With nearly three weeks of endurance eating and drinking yet to come before we all go cold turkey in January, it’s daunting to see the attacks on the food and drink industry and its contribution towards obesity are already in full swing.

Today, London Mayor Boris Johnson swung his considerable weight behind calls for a tax on sugary drinks, after new figures claimed the introduction could save boroughs nearly £40m in costs to the NHS and prevent thousands of cases of cancer, stroke, heart disease and diabetes, just in the capital.

This attack on sugar from the Mayor’s office and the Children’s Food Campaign came with Consensus, Action on Salt and Health (CASH) poised to reveal its latest dossier, this time on the salt levels in pizza.

Leaving aside any argument over the scientific rigour of these studies, two things are for sure.

First, the odds of pizza making it onto the five a day list now look about as good as QPR winning the Premier League. Second, groups like this and others besides, have plenty more to come. We should expect no less than a huge onslaught against quarters of the industry in the weeks that follow.

In the face of this, there are serious questions to be asked by food and drink companies which can ill-afford the sort of one way drubbing they suffered at the hands of the health lobby - and the press - during the same period a year ago, one which for some has already started to have a big impact on sales.

With the general election looming, it’s not just the political parties, but companies in different sectors in the market who will be making big decisions about how to set their stall out.

After nearly four years the Responsibility Deal looks all but washed up. One senior industry source insists it will “die with the current government” and a survey by Populus, revealed by The Grocer last week, showed that regardless of which party wins the election, stricter regulation is almost certainly on the cards, even if the new regime continues with a mainly voluntary approach.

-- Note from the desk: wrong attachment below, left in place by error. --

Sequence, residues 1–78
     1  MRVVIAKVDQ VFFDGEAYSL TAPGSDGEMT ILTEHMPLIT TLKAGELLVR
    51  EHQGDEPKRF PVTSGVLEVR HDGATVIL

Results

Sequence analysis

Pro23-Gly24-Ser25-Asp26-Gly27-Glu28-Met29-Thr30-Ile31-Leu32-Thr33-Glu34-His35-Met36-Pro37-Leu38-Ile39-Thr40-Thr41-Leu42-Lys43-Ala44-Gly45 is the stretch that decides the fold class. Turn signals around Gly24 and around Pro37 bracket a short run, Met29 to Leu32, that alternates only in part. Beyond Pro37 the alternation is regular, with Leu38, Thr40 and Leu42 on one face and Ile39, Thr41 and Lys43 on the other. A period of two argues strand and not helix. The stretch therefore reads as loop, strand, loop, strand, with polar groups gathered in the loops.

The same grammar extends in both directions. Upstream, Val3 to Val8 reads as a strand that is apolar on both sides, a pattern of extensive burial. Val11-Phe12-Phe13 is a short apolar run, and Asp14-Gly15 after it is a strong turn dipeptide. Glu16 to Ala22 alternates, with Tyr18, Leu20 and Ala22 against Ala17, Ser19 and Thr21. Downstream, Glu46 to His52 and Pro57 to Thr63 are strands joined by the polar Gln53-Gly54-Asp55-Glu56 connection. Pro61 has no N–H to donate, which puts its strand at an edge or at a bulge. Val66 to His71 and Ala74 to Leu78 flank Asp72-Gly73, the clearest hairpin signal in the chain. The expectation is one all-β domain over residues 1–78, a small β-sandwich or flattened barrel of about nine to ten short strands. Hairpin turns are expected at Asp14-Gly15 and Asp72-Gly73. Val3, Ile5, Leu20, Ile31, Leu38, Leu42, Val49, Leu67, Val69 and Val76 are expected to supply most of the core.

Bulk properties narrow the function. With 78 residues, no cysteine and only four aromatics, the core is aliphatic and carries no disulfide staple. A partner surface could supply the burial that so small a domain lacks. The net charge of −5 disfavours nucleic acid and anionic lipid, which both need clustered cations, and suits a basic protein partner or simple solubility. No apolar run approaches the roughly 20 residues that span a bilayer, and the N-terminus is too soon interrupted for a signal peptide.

Whether this includes a sugar tax, with both the Conservatives (despite Boris) and Labour having previously ruled it out, remains to be seen, but with the DH’s experts already recommending the daily recommended level of sugar intake is slashed in half in the UK, it’s hard to see any way that could be done without some seriously bad medicine for some product sectors.

So while they enjoy the festive respite - what little of it there may be - the bosses of many a company will be busy planning their fight back.

In 2015, this will not just be a question for fizzy drinks manufacturers, but also fruit and smoothie companies, cheese companies, confectionery suppliers, ready meal manufacturers, pizza suppliers… the list goes on.

Anyone in the firing line of the obesity debate has to be ready to put their heads above the parapet and, more importantly, have the confidence they have the ammunition to fight back.

From continuing with reformulation, to doing a better job of explaining the health properties in a balanced diet of those products on the shelves (even if they do have bad elements too), to challenging the evidence produced when it does not stand up to close attention, the food industry has to up its game in the health debate.

It’s been a difficult period for organisations like the FDF, which as well as being hit by several  high profile changes of personnel, has found it difficult to stand up for such a wide umbrella a group of companies and sectors.

But whether it is through a trade organisation, or in less formal coalitions, it’s vital food and drink companies don’t allow a one-sided argument to develop again as we move into 2015.

There are times when the industry sadly is guilty as charged when it comes to the criticisms it faces, but there are also many when its opponents are guilty of generating extremely dubious headlines, which do nothing to better the nation’s health, but merely pave the way for fear and confusion.

One sure way to allow that to continue is if they are met by a deafening wall of silence.